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I would suggest you try safe mode.
Safe mode is a troubleshooting option for Windows that starts your computer in a limited state. Only the basic files and drivers necessary to run Windows are started. The words "Safe Mode" appear in the corners of the display to identify which Windows mode you are using. If an existing problem does not reappear when you start in safe mode, you can eliminate the default settings and basic device drivers as possible causes.
If you don't know the cause of the problem, you can use the process of elimination to help you find the problem. Try starting all of the programs you commonly use, including the programs in your Startup folder, one by one, to see if a program might be the cause of the problem.
Follow the steps to boot the computer in safe mode with networking:
1. Restart your computer if it is powered on.
2. Tap the F8 key after your computer initially powers on.
3. Once you see the Advanced Boot Options menu you can stop tapping.
4. Use the up/down arrow keys to highlight your selection.
5. Select Safe Mode with Networking and press Enter.
6. You should see drivers loading, and then please wait.
7. You should then be at the Welcome Screen.
8. Logon to your computer using an account with Administrator privileges.
I am assuming you are discussing the 2002 Pontiac Aztec, the early crossover with the rather distinctive look. I would assume that since they were made by the same manufacturer and they used the same parts that their computers should be compatible. I can't say so for certain as you haven't provided much information, but, unless one of the Aztec owner swapped out the original computer and replaced it with an updated device, the computers should be compatible.
If you are thinking of trying to swap computer chips, I would advise you to wait and let a professional do it at an independent shop. The reason I suggest this is simple, unless you know how to access the computer chip correctly, you risk accidentally ruining it. If you handle the replacement chip incorrectly it is entirely possible that for a stray static charge to ruin the chip by blowing out a trace. Also, if you damaged the socket from which the original chip was removed then it is possible that you will not be able to reinsert the new device without bending any leads on the bottom. If the leads are damaged, then the new computer won't work.
Even if the new computer chip and the original chip were already installed in installable cases (the way most desktop computer chips are installed), it is possible that when you removed the computer, you might have damaged the receiving socket which means that when you go to insert the new computer carrier it won't work correctly because a few or many of the pins on the bottom of the board won't sit correctly.
What happens when entering the sleep mode is the drives will be turned off and the present state will be kept in memory until awakened. While the system is active the power scheme will prevent the drives from idling down after so many minutes with the never turn off setting applied.
With the turn off drives after the default 20minutes of inactivity that doesn't mean all drives turn off at the exact same time. I've never come across any reference for changing the power plan option for individual drives. But I can point you at the guide for the power plan settings with one instruction on drive settings to apply prior to entering the sleep mode.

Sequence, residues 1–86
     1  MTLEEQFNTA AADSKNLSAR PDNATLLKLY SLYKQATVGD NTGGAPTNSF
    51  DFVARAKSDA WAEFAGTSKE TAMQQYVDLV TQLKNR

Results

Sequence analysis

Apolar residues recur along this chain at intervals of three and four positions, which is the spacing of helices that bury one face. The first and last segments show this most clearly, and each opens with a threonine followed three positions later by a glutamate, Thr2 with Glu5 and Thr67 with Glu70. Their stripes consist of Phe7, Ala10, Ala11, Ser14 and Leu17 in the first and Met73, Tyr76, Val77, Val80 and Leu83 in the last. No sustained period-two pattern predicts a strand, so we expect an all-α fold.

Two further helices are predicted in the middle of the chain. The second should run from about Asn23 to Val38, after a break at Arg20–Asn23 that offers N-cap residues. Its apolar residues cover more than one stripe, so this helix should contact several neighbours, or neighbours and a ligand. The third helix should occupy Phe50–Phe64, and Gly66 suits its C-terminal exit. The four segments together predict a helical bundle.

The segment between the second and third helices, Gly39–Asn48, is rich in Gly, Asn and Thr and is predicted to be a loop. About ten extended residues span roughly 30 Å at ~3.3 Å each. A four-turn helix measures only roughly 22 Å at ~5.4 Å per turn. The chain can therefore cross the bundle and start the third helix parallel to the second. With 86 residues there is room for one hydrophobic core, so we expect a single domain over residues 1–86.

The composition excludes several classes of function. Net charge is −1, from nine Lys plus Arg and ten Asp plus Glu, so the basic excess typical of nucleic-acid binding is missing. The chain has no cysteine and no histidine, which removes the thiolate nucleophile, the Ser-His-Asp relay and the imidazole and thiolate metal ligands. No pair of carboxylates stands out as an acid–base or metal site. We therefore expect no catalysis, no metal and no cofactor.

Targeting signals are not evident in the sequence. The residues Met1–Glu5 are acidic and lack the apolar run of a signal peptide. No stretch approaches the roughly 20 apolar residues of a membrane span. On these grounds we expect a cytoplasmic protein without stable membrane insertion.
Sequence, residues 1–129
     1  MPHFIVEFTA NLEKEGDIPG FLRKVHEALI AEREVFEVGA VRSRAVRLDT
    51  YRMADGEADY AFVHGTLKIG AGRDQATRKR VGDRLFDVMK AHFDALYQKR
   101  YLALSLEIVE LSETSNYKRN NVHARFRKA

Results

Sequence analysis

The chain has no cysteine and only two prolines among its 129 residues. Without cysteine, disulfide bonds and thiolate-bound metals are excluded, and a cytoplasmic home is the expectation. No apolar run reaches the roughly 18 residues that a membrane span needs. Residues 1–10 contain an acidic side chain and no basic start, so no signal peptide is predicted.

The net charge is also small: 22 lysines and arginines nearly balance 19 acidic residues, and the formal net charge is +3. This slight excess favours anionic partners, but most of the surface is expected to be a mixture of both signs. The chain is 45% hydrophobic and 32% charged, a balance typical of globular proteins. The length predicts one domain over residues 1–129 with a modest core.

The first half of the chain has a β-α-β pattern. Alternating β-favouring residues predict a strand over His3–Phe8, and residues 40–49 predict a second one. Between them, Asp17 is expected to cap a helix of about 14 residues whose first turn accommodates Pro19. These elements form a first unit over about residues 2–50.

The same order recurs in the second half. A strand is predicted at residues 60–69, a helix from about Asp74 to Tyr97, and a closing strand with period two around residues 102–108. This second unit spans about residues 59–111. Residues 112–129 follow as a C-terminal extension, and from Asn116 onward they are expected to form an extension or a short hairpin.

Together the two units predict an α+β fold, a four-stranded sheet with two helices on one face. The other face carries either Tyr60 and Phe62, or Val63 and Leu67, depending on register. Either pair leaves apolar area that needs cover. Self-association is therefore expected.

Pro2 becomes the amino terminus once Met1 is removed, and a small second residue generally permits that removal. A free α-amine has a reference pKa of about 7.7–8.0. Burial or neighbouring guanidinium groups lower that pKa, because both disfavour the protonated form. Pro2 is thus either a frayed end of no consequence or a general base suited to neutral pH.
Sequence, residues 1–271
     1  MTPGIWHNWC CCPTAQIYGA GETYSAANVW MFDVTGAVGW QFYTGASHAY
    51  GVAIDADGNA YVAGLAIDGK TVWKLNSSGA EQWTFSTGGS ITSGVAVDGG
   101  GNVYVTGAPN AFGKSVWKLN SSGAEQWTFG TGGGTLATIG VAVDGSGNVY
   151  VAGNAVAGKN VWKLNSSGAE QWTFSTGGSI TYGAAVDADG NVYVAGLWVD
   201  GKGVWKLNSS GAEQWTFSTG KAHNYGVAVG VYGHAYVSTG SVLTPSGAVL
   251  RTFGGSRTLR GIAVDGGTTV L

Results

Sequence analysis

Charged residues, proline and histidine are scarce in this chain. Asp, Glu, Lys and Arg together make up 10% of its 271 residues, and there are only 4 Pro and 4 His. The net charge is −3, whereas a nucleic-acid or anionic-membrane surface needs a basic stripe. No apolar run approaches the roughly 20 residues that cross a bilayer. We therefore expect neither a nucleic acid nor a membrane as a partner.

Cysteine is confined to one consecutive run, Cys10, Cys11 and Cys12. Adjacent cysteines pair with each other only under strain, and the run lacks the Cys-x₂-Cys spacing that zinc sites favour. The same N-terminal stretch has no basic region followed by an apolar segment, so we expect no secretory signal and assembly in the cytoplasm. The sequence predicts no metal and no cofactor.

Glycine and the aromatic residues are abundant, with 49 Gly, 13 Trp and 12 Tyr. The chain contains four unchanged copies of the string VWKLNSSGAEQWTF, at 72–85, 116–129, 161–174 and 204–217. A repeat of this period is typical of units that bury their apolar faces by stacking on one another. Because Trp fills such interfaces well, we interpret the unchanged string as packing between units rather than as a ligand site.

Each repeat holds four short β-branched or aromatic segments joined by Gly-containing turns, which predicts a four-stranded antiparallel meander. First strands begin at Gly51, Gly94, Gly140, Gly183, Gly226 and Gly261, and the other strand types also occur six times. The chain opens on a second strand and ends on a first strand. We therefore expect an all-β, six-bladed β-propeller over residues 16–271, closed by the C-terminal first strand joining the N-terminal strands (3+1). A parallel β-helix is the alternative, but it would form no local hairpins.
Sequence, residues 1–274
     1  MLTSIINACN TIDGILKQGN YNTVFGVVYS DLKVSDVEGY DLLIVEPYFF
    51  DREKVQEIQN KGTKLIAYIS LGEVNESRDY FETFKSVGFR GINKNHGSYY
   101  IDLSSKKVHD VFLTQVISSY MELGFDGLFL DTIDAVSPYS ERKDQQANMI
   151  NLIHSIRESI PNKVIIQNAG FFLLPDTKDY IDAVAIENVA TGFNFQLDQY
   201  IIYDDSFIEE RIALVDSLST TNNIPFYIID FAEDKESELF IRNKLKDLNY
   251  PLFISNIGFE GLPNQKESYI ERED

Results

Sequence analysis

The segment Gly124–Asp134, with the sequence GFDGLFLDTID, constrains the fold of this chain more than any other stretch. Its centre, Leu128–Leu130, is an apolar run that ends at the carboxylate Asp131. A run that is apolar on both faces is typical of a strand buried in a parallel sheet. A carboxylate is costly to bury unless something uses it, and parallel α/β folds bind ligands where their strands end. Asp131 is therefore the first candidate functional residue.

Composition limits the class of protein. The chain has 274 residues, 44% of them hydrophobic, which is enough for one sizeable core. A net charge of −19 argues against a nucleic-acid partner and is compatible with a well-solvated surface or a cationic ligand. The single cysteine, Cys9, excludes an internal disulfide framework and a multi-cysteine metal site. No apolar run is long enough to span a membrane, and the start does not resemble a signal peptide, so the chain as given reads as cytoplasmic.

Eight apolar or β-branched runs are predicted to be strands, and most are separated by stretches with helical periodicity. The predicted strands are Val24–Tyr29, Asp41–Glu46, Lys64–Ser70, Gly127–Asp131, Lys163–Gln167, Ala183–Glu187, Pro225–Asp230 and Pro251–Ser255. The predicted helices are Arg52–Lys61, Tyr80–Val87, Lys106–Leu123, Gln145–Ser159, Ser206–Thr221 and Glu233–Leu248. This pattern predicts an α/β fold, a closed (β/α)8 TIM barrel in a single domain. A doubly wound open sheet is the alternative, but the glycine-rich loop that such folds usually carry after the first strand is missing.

If you have a Windows OS, press and hold the ALT and CTRL (control) keys and then press the Up arrow. (If that doesn't work, try holding the Alt and CTRL keys and pressing the left (or right) arrow key twice.) If that fails, right click on the desktop (Windows+D will minimize all programs), anywhere with no running programs or icons. Then select the Screen Resolution option. Look for the line Orientation; use the drop down menu to select the correct orientation. Click Apply and then confirm the setting change if a confirmation window pops up. (This works in Windows 7 and 8.) For older Windows versions on laptops, you may need to select Graphics Properties (or a similar line) and then repeat this. The Windows screen rotation option is dependent on your video card. With some models, you'll need to open the graphics card properties to undo the rotation. You should see a line for the graphics adapter when you right click on the Display.
For Macintosh OS, make sure that the System Preferences is closed. Then open it by pressing Option/alt + CMD . Select the line Display. Find the button labeled Rotation: Standard then choose the correct screen orientation.
Without knowing what the desktop computer motherboard is, I\'d only be guessing as to location of Wi-Fi chipset. However even if I knew the motherboard manufacturer name, and model number; the point is Moot.
A) You remove that Wi-Fi chip, and kiss the motherboard goodbye. It\'s designed into the circuitry of the motherboard.
Isn\'t going to be jumper wires taking it\'s place, and making connections to circuit traces on the motherboard.
B) Do you have a wireless router? Dunno. Do you have a wireless connection set up? No.
You can use just a LAN connection. (Hard wired)
C) Suggest if having a Bluetooth option on your motherboard is not an option then use a different motherboard that doesn\'t have that option.
Open the cpu cabinet cover.Then reconnect the RAM memory into motherboard.
Make sure motherboard is not ground with cabinet cover.
Clean dust from motherboard .If there is any pci or vga card reconnect it.
Also pull cmos cell from motherboard for 10 minutes then all settings defaults then check.
Let me know if you need further assistance.
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